Thursday, October 11, 2012

Moffat On Suzuki

Mike Moffat has a valid point.  It isn't, as David Suzuki sometimes contends, that economists don't understand "externalities" or claim we should ignore them.  The term is a bit of economic jargon, after all.  No.  The people who ignore/downplay externalities are those folk who, for example, say they want to help clean-up the environment but decry a carbon tax or whine when somebody sticks a turbine out in the lake.

The rest of us, in other words.


Lars said...

Not much of a point. The first fifty or so comments on Moffat's column were mainly devoted to schooling him, and I couldn't find a lot to disagree with there.

On a related point - every time an economist makes reference to a "Nobel-winning economist", or to the "Nobel Prize for Economics", the discussion should be immediately halted until it is unequivocally established that there is no such thing as a "Nobel Prize for Economics", and there never has been. Nobel didn't think that topic was worth establishing a prize for. It's the Sveriges Riksbank Prize in Economic Sciences in Memory of Alfred Nobel, and it was established well after Nobel's day, by Sweden's Central Bank, in what can only be regarded as an extended and expensive Cargo-cult sort of exercise - the equivalent of stone-age jungle-dwellers building wooden traffic-control towers and clearing brush for landing strips, in the hope that the great silver planes might land and disgorge huge unearned quantities of intellectual legitimacy. Only after we have established that the economist is attempting to add unearned lustre to his or her arguments by invoking the name of Nobel and implying that the authority they quote (reliance upon authority, incidentally, is the mark of a non-science, or at least a second-rate one) belongs in the same company as Pauling or Einstein, only after we have established that neither of these is an acceptable polemical tactic, only then can any debate go on.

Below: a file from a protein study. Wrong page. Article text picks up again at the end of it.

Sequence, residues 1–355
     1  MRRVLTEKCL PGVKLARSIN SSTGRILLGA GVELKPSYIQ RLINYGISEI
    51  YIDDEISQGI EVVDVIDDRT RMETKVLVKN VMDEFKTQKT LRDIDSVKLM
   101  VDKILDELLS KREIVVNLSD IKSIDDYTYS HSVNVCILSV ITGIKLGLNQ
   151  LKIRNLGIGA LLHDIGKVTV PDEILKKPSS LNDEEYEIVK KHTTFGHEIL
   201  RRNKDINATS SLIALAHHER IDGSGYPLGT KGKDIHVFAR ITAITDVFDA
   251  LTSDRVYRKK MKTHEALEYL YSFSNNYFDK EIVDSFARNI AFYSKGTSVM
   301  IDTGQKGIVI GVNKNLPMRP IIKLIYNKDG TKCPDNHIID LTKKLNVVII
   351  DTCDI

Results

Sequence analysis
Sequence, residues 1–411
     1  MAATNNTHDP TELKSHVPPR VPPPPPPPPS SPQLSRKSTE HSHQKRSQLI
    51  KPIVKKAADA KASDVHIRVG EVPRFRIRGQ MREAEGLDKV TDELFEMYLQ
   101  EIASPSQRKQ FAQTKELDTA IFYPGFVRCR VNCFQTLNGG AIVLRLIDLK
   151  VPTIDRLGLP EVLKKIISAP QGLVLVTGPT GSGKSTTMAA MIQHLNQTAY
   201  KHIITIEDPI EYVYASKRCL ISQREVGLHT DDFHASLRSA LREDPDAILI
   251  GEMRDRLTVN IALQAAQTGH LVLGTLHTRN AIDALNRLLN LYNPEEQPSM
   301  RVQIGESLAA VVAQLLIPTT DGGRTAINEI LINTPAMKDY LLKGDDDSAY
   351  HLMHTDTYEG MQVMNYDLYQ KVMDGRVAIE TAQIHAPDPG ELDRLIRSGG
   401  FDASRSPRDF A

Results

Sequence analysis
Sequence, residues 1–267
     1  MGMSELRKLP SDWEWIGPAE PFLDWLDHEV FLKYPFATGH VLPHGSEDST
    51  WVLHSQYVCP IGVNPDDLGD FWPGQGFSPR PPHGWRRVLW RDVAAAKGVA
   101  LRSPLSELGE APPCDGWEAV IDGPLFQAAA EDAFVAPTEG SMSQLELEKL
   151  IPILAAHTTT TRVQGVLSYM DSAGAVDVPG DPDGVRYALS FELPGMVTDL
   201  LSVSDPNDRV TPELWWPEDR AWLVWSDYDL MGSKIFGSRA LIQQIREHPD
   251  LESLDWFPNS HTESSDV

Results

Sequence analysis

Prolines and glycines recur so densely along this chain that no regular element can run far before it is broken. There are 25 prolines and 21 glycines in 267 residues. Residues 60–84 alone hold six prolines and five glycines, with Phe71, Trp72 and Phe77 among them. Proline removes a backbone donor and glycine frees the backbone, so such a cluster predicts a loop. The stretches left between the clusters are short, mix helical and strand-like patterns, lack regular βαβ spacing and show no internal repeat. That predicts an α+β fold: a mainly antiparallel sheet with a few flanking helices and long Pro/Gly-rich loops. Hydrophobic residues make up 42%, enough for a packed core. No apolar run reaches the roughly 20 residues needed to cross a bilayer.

Steve V said...

Economists don't know shit, seriously, so tired of taking cues from people who operate in some theoretical world that rarely translates to the one humans actually operate in. Get out of the "lab" boys, your neat and tidy theorems and schools of thought never translate.

Warren K said...

Moffat's a self-important twit. He's unfit to hold Suzuki's shoes.

Holly Stick said...

I had long twitter argument with Moffat and friends over whether economics is a science. I consider it a social science but that doesn't make it a real science. They did not seem to want to accept the difference.

I also like when Dr. Dawg mentioned Jim Stanford, Emm McFarlane (a political scientist) suggested he was ideological. Does that mean other economists are not ideological? Maybe they are just not trained to examine their own assumptions.

jrkrideau said...

After having an economist say basically the same thing: "Well if we run out of x we will find a substitute" I don't have a lot of problem with Suzuki--although I have only seen Moffet's quotes.

Free market economists often seem to think that the market will produce whatever is needed without seemingly taking into account resource constraints, lead times and whatever.

Clearly economists understand externalities in the abstract. I think they invented the word I don't know that they actually understand the implications in most cases.

And of course one of my favourite economic quotes: "Anyone who believes exponential growth can go on forever in a finite world is either a madman or an economist." Kenneth Boulding